Optimistic, catchy and brief: The big business of corporate sounds

 

Companies are increasingly trying to boost their brand experience and discovered that sound is an effective way of transmitting information implicitly to their customers and projecting personality and identity without explicitly vocalizing it.

 

 

 

 

 

 

 

 

  

"We are always inspired by the James Bond example. When you listen to Shirley Basey or Adele, you can close your eyes and instantly recognize James Bond. That is the power of sound DNA. Their music spans 50 years and are completely different styles, but you associate both with the Bond brand."

_Michele Arnese, amp's CEO & Founder

The Telegraph published a great thought leadership article covering the development of soundbranding, and opportunities it creates for businesses, in which amp's Founder and CEO, Michele Arnese was featured.

You can read the full article here.

amp Feature in Forbes – The World’s Best Sonic Brands 816 520 amp

amp Feature in Forbes – The World’s Best Sonic Brands

The World's Best Sonic Brands

 

Instead of creating unique sounds that fit the identity of the brand, many of today’s brands go for the licensing of currently popular music.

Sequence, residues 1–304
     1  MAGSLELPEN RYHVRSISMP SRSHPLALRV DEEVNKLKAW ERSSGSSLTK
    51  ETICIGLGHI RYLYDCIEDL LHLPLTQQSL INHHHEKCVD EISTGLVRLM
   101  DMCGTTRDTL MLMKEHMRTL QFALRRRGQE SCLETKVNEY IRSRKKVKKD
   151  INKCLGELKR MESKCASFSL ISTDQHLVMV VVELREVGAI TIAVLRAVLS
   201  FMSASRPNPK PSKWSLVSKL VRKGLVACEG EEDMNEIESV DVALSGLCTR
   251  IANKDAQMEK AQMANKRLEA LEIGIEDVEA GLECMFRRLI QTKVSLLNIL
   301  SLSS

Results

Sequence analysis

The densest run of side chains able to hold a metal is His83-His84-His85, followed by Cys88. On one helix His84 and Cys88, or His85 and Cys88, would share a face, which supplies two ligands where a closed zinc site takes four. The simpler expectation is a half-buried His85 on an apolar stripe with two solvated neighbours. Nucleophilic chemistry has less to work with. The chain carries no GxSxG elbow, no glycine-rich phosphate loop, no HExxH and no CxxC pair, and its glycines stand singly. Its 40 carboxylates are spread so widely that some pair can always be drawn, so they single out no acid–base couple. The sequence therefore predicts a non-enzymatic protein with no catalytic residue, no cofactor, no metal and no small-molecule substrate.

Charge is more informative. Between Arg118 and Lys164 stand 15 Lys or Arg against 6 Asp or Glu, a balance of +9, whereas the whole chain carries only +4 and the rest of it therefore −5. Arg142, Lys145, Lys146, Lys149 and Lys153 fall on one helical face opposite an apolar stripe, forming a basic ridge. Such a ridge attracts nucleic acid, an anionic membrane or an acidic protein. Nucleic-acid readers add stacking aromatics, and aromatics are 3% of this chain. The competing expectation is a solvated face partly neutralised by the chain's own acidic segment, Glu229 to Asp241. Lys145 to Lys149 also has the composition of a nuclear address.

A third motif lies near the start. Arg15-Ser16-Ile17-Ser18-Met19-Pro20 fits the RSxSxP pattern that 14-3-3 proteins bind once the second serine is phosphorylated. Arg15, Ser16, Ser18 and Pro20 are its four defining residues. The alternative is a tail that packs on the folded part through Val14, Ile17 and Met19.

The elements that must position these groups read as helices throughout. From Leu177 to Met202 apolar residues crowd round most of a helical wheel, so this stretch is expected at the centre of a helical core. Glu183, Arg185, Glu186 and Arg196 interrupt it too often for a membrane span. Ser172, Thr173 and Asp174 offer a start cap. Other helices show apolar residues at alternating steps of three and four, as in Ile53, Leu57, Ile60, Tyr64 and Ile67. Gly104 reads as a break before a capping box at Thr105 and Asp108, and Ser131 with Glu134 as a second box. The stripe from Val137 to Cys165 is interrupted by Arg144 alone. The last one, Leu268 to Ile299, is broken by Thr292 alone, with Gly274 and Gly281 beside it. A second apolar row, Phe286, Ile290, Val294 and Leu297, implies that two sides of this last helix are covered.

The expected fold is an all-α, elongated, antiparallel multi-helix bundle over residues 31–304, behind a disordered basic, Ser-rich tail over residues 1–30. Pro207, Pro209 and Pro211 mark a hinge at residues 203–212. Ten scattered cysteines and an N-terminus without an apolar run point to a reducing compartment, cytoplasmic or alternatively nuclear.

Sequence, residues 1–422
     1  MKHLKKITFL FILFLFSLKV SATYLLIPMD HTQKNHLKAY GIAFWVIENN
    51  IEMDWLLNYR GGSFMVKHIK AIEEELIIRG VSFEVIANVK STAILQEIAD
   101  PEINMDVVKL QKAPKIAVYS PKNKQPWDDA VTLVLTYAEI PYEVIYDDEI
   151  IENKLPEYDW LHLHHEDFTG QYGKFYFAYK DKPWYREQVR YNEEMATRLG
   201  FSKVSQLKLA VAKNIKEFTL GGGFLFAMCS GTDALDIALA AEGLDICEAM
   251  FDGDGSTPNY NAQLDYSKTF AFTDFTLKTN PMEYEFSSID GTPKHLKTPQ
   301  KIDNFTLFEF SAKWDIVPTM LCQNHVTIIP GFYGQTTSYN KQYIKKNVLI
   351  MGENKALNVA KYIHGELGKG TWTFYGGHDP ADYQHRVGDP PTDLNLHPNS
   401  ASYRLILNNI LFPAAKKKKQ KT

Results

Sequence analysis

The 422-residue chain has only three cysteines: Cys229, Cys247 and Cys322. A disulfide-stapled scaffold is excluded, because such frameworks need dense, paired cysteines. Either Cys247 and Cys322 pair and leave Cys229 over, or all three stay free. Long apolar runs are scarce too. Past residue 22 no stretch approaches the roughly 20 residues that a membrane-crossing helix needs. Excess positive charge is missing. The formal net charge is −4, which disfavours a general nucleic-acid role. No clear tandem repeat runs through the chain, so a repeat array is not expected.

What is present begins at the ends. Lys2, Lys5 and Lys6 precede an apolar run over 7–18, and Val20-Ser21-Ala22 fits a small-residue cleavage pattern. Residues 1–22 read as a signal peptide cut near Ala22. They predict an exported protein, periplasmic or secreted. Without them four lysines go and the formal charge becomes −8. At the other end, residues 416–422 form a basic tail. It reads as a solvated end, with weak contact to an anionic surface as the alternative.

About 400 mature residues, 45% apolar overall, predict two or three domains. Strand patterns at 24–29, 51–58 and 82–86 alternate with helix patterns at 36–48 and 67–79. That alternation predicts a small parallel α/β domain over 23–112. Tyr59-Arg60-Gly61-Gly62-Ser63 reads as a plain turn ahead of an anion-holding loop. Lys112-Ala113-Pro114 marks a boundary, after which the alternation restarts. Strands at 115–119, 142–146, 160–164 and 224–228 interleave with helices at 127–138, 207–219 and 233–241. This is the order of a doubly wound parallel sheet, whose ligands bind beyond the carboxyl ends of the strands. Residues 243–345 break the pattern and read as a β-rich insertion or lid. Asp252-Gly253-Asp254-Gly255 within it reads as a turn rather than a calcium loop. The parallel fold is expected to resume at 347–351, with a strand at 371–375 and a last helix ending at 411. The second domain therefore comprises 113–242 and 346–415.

This approach results in being associated with the culture, instead of being the driving force of it. In his latest Interview for Forbes, amp’s Global CEO Michele Arnese spoke with Paul Armstrong about this issue and also discussed the Best Audio Brands Rankings.

 

 

 

 

 

 

 

 

 

  “The future is about authenticity and committing to a unique and owned sonic identity.”

_Michele Arnese , amp's CEO & Founder

In short: our ranking revealed that many of the most recognizable brands in the world still have some betterment to do before they can be considered to have an efficient audio brand strategy.

McDonald’s and Disney were ranked as top performers in the Best Audio Brand Ranking, both achieving a score of 51/100 points available. Intel, Apple and Coca-Cola also scored well and made it into the top five audio brands, whilst the likes of Shell, Netflix, Nescafe, Google and Amazon made the top ten.

Out of the 100 brands covered in the 2019 ranking, only 22% were found to be using the sound effectively. Even among the top performing audio brands there is significant scope for improvement.

Brands should create reusable sonic assets that drive recognition at all touch points without neglecting the customer experience. Once the brand has defined how it should sound and has created a sound DNA, the development of specific sound elements, such as sound logo or unique soundscapes, can be planned according to the budget, time frame and most importantly according to the touch points. There are different approaches, depending on how big the brand is, but we could say that for smaller businesses the best possibility is a direct vertical approach, which has the highest reach and impact, while the bigger brands should aim to create a sonic ecosystem that incorporates all aspects of sonic identity and can be used crossfuntionally.

If you want to read Forbes coverage in full, please click here.